This information is accurate as of the fellowship year indicated for each fellow.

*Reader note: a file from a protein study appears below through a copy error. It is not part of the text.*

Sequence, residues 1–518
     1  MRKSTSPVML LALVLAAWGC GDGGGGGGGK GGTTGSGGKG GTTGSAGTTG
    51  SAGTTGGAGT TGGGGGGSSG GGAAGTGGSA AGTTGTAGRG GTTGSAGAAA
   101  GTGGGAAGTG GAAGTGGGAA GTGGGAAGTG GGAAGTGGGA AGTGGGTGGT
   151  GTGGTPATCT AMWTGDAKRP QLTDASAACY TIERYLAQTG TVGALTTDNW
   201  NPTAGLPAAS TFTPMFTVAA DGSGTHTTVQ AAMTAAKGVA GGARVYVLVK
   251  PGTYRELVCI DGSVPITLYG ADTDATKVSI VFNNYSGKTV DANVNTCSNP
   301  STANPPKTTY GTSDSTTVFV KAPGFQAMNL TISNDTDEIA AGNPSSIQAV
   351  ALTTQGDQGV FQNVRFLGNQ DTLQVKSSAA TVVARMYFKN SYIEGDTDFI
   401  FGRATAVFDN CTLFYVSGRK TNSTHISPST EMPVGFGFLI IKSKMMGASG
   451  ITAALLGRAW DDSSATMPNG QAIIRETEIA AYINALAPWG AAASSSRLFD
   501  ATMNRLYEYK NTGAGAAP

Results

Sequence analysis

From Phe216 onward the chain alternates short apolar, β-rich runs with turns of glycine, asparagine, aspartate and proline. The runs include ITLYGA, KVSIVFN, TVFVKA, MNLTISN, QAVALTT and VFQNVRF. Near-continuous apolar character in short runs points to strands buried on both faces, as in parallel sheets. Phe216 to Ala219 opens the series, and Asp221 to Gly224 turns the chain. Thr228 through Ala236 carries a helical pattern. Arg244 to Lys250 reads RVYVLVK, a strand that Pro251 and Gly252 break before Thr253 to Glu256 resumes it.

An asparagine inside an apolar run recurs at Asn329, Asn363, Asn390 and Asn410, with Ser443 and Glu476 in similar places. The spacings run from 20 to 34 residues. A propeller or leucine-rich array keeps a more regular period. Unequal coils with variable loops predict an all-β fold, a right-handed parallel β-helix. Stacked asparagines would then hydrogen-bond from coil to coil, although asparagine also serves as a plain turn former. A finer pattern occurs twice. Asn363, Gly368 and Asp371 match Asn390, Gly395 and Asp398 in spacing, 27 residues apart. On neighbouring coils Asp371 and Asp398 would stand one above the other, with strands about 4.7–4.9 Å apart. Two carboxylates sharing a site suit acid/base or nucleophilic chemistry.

Ann Jones, writer and photographer, wrote extensively about violence against women in the United States before turning to the situation of women exposed to both private and publicly condoned violence in war-torn countries. She wrote the first book in a series on war, Kabul in Winter (Metropolitan, 2006), while serving as an aid worker in Afghanistan. The second volume, War Is Not Over When It’s Over (Metropolitan, 2010), records what women caught in conflict zones from the Congo to Burma to Iraq have to say about war and peace. Currently, Jones is a correspondent for the Nation and TomDispatch.com. At the Radcliffe Institute, Jones will focus on a new book about the domestic costs of America’s wars, incurred when its returning soldiers bring the wars home. The damage done to warriors—and the harm they do to themselves, others, and the fabric of civil society—raises questions about the future of the increasingly militarized American empire. Jones, who holds a PhD in English and history from the University of Wisconsin, is the author of eight books. Her work has appeared in numerous publications, here and abroad. She also serves as a gender consultant to the United Nations.